Overall Research Strategy: The overall goal of the CaRa-AP Collaborative Program is to develop a treatment for post-traumatic osteoarthritis (PTOA) that will relieve pain and improve function. We hypothesize that PTOA is caused by maladaptive repair responses including activation of the pro-inflammatory pathways of innate immunity that in turn result in pain, loss of function and structural decline. This Program addresses the hypothesis through two highly-integrated aims: (1) innovative intra-articular treatments using small molecules, biologic inhibitors and immunomodulatory cells to reduce pain and inflammation in the joint and (2) tissue engineering using stem cell-based therapies for reconstruction of the damaged joint infrastructure. The investigators collaborating in this program will coordinate testing of therapies in four animal models that mimic different mechanisms of injury that initiate PTOA in patients. The experiments will take into consideration relevant factors affecting joint physiology and treatment response. The effects of different therapeutic modalities will be evaluated using group-standardized measurements of pain, function, inflammation and structure, so that results can be compared across laboratories and the most promising therapeutic strategies prioritized for clinical trials. We provide compelling evidence that sequential treatment of mesenchymal progenitors with BMP2 and non- canonical Wnt5a, cultured in high density pellets, yield articular-like cells in vitro. These effects are reproduced when small molecules Kartogenin (KGN), a chondrogenic small molecule targeting Runx1, and Foxy5, a Wnt5a mimetic peptide, are sequentially used. Moreover, implantation of pellets, treated with BMP2 followed by Wnt5a, into a rat chondral defect regenerate articular-like cartilage. Our preliminary data also demonstrate an influence of physical exercise on cartilage preservation and joint function in a rat model of PTOA. Thus, we ask whether the source of stem cells can differentially promote hyaline cartilage regeneration and if physical rehabilitation can improve pellet integration and treatment outcome. Specifically, we aim to compare the efficacy of somatic cells (human articular chondrocytes and bone marrow derived mesenchymal stem cells) to that of patient- specific, and readily available, pluripotent stem cells. We hypothesize that cell plasticity will determine the potential of adult versus pluripotent stem cells to treat cartilage degeneration, and that successful restoration of cartilage integrity via cellular and physical therapy will lead to enhanced functional outcomes and reduced nociception in vivo. We will first establish the capacity of iPSC-derived MSCs to that of adipose-derived and human articular cartilage MSCs with and without sequential treatment with KGN and Foxy5 to regenerate articular cartilage following implantation of control or treated high-density pellets into a rat chondral defect model of PTOA. Histological evaluations, matrix synthesis, mechanical testing and molecular imaging analyses will be performed (Aim 1). We will then assess the effect of cellular and physical treatment of animals on long-term functional, nociceptive, and centralized pain outcomes. We will evaluate functional outcomes in control and experimental rats that receive either iPSC-derived MSCs or the most effective adult stem cell source identified in Aim 1. Specifically, gait, voluntary running, muscle strength, mechanical testing, and allodynia analyses will also be performed. We will also assess the neurological changes that often lead to chronic joint pain (Aim 2).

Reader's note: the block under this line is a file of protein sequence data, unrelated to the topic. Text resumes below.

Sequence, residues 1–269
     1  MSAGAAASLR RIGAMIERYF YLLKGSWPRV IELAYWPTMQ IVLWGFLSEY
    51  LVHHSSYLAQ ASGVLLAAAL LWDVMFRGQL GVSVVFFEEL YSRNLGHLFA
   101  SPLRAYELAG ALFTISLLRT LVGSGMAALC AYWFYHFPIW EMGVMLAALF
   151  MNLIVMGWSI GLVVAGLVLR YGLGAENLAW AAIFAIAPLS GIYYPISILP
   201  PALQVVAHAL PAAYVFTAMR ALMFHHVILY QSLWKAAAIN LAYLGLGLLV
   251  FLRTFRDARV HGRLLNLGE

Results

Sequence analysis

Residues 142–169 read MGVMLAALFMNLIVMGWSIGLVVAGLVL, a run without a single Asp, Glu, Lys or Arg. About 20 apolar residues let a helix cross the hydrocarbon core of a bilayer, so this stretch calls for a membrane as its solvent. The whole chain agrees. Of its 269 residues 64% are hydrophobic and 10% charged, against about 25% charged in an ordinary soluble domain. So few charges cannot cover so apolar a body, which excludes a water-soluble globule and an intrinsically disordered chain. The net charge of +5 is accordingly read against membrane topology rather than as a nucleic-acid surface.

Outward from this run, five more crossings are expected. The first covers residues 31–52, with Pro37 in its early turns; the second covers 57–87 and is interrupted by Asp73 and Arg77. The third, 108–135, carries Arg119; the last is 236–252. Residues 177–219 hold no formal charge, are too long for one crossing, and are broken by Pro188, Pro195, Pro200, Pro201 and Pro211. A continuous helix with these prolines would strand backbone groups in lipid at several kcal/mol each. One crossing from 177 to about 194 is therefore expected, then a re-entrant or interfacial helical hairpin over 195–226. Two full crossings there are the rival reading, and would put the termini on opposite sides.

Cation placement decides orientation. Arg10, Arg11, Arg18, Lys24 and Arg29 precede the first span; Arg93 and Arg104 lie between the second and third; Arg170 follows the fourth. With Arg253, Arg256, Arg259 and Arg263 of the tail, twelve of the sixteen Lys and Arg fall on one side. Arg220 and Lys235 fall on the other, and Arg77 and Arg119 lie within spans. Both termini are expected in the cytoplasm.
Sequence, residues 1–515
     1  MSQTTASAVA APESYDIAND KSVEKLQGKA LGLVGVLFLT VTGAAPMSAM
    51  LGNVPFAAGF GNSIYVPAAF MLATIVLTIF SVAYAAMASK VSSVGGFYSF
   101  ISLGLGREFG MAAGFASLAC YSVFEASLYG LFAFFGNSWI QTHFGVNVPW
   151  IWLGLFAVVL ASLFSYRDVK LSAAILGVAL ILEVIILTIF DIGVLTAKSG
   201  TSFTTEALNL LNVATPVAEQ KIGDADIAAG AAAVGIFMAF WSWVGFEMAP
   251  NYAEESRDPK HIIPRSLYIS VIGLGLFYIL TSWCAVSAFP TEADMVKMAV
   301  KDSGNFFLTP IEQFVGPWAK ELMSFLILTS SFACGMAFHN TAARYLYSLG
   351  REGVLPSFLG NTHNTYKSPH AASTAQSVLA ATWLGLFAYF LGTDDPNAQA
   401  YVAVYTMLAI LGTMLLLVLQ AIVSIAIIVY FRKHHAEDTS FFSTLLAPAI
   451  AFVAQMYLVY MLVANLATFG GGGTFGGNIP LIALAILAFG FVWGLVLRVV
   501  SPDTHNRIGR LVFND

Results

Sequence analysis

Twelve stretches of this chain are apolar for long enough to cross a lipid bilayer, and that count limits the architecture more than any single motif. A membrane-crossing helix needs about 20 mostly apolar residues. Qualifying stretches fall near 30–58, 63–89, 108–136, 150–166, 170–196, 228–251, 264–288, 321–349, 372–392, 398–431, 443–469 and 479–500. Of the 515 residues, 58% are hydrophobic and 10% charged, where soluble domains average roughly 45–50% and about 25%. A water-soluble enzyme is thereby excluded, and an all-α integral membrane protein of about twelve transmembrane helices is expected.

Public Health Relevance

A staggering 94.4% of our young veterans returning from the Global War on Terror with fragment projectiles and gunshot wounds will develop arthritis, presenting a serious need to regenerate permanent cartilage of their joints before the development of osteoarthritis and a lifetime of pain. This proposal builds upon our recently developed stem cell-based strategy of tissue regeneration by establishing the efficacy of readily available cell sources and physical therapy to repair articular cartilage defects, restore joint function, and alleviate pain. We believe our approach will ultimately circumvent a variety of limitations and move us towards an off-the-shelf solution to post-traumatic osteoarthritis.

National Institute of Health (NIH)
Veterans Affairs (VA)
Non-HHS Research Projects (I01)
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Special Emphasis Panel (ZRD1)
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Veterans Health Administration
United States
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